Last year, I dove headfirst into the Nice Ride dataset and compared the bike share usage in each downtown. At the time, I argued that the large disparity between downtown Minneapolis and downtown Saint Paul meant that the city needed to be a lot more aggressive about building bicycle infrastructure.
At the time, one of the many thoughtful comments that appeared on Streets.mn was that the comparison was a bit premature, and probably unfair. Here’s one example:
Overall I think this is right on. Downtown St. Paul could have much better infrastructure for bikes. Two things come to mind though:
1. Did the Downtown St. Paul stations open at the same time as the Downtown Minneapolis stations last year? Nice Ride tends to open the new stations a month or so later than the stations that existed the previous year. The St. Paul stations may have had a shorter season than Minneapolis.
2. I’ve got to imagine there’s a bit of maturing to the system. I find I have a much better idea of the station locations that have existed a year or two and how I can use the system to get where I want to go. Areas that are new may have a bit of a learning curve for people to find out how the system can work for them.
I wonder how a 10 station comparison might look between the first year of Downtown Minneapolis service to the first year of Downtown St. Paul service.
As per usual, Streets.mn commenters make excellent points. So now that the 2013 Nice Ride data is available, I thought I’d take a look at the comparison one year farther on. Did Saint Paul’s downtown ridership grow?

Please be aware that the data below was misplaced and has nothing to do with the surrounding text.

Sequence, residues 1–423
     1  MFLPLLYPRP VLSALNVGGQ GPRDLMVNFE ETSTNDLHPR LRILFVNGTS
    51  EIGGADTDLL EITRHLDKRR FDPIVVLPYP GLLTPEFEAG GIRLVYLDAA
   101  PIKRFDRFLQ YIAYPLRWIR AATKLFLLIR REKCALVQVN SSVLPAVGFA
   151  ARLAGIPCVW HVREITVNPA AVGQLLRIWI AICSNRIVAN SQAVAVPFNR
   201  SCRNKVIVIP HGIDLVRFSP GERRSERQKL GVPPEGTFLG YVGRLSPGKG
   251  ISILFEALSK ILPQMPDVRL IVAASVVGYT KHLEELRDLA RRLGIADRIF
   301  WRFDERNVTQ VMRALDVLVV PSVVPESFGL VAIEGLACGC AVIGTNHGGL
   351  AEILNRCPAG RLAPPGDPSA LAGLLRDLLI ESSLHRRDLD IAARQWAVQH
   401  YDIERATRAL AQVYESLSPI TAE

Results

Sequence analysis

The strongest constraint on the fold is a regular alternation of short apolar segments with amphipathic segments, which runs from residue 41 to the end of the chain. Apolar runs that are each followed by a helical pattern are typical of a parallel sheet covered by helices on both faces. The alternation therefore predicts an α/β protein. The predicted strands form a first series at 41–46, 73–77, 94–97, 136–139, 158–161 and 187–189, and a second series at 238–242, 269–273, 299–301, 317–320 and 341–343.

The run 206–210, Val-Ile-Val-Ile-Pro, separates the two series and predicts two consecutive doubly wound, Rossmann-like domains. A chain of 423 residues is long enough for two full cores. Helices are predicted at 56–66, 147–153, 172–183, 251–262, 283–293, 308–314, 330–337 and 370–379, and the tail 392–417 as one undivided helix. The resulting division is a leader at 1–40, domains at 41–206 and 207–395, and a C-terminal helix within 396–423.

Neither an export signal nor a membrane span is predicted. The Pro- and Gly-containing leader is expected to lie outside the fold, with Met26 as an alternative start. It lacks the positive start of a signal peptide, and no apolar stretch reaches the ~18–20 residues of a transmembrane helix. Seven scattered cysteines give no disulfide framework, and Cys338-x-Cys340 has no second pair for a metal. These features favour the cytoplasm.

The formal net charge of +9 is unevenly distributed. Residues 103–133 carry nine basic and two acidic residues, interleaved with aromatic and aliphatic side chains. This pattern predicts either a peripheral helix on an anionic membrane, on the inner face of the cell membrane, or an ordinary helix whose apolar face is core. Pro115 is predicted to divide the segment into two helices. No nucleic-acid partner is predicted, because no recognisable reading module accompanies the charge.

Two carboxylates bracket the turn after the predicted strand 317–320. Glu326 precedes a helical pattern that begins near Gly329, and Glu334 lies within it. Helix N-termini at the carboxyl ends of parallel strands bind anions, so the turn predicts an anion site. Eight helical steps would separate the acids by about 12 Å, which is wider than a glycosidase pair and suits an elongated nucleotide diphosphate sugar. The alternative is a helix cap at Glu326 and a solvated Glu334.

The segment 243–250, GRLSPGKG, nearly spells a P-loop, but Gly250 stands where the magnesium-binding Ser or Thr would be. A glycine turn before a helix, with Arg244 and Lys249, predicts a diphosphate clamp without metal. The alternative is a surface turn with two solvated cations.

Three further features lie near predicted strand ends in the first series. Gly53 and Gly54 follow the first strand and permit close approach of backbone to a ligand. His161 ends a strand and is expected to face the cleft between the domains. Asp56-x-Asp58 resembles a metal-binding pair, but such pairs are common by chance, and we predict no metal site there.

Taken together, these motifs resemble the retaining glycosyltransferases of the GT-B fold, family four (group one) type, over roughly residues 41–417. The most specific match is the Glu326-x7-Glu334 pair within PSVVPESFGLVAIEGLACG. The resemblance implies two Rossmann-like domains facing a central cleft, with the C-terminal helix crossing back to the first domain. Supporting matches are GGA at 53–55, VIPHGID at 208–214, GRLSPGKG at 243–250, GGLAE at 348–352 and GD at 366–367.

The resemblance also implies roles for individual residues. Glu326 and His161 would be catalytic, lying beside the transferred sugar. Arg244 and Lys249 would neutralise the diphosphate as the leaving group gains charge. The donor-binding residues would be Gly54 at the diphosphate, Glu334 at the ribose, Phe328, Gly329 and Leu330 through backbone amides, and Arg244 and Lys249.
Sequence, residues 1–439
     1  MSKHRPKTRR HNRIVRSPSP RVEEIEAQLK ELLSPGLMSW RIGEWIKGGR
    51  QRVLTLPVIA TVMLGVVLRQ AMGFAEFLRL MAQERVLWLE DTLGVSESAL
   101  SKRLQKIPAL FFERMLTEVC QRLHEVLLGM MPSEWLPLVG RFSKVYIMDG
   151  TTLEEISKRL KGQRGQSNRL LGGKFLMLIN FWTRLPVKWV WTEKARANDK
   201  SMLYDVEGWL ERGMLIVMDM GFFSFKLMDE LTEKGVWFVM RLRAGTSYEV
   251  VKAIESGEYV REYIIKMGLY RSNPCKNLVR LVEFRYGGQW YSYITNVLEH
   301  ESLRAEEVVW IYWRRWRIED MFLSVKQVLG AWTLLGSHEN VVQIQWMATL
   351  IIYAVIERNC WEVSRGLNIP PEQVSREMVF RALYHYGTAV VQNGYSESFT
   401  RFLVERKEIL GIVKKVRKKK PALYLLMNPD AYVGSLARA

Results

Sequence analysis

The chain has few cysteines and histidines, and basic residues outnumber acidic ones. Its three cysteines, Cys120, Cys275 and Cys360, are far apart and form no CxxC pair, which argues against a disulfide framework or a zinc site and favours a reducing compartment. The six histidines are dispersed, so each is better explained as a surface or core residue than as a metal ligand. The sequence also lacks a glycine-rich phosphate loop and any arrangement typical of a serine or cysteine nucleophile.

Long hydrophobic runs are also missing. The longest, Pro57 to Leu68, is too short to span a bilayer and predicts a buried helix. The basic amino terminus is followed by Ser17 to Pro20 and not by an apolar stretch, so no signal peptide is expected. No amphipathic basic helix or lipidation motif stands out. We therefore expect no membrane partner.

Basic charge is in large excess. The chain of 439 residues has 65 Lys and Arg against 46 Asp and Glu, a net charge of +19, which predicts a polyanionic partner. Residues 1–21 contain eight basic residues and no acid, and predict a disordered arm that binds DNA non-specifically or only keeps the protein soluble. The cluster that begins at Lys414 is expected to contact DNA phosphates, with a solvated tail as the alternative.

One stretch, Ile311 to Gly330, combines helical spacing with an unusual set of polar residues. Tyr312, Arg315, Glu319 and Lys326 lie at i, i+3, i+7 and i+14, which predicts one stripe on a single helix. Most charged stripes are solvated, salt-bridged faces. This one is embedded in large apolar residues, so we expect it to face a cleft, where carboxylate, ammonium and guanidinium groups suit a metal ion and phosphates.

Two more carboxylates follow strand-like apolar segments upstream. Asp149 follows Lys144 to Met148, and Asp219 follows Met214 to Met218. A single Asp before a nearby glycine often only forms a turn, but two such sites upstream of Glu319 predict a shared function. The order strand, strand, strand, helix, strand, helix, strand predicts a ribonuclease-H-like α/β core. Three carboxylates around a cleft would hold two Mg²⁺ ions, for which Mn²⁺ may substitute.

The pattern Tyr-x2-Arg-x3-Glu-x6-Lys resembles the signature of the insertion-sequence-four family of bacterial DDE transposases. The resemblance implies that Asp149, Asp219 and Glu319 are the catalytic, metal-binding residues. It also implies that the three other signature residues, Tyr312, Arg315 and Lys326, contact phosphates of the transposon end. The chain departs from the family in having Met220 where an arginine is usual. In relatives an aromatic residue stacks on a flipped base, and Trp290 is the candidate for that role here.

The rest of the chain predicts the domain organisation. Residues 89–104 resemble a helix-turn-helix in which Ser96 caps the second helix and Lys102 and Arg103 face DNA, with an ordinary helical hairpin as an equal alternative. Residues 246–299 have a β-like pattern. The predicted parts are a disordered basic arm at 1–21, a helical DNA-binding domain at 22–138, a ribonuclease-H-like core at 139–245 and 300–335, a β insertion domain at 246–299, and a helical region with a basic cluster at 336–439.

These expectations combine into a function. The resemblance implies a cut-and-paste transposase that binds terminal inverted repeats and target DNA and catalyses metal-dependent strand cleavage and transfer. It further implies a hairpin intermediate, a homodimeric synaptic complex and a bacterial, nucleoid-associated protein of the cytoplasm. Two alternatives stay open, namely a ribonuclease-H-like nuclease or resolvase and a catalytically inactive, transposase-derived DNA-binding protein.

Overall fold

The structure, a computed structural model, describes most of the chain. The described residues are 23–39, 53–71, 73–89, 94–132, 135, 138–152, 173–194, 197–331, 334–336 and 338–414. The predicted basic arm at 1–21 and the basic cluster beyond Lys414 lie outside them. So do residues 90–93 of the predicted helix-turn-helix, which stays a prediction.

The ten stations I looked at in downtown Minneapolis actually saw a decrease in ridership of about 3%! Who knows why this happened. Could have been weather or maybe just some statistical noise. Maybe the market is saturated?
But, overall Nice Ride ridership in downtown remained high. The IDS center station is still the #1 Nice Ride location in the whole system (though the station on St. Anthony Main is rapidly catching up). Some of the spots saw a lot of growth (especially the station at Washington and 2nd Avenue North), and a few declined (the library, another North Loop spot). The total ridership at the ten stations in my sample was about 45,000 for the whole season.
Meanwhile over in downtown Saint Paul, ridership grew 10% over the (shorter) 2012 Nice Ride season. Some of the stations saw dramatic increases (especially 10th and Cedar), and usage grew at practically all of the ten locations except for the two along Kellogg Boulevard. The Landmark center remains the #1 Nice Ride location in all of Saint Paul, with about 1,100 trips during the season.
That said, Saint Paul ridership is very low compared to the Minneapolis part of the system. Looking at the two downtown populations, we might expect something like a 4:1 ratio between ridership numbers, but instead we see a 7:1 ridership gap (45K in Mpls v. 6200 in StP). Granted, that’s a bit better than last year, but with a longer Nice Ride “season”, you’d have to expect some growth. It seems that pretty much everything I said in April’s post remains true in 2013.
Maybe Next Year?
In order to build ridership and make the most out Nice Ride’s investments in Saint Paul, the city needs a network of bike lanes, and to ensure safe and comfortable bike connections between the downtown and the surrounding neighborhoods. (For example, see my earlier post on bike lane gaps at bridge approaches.)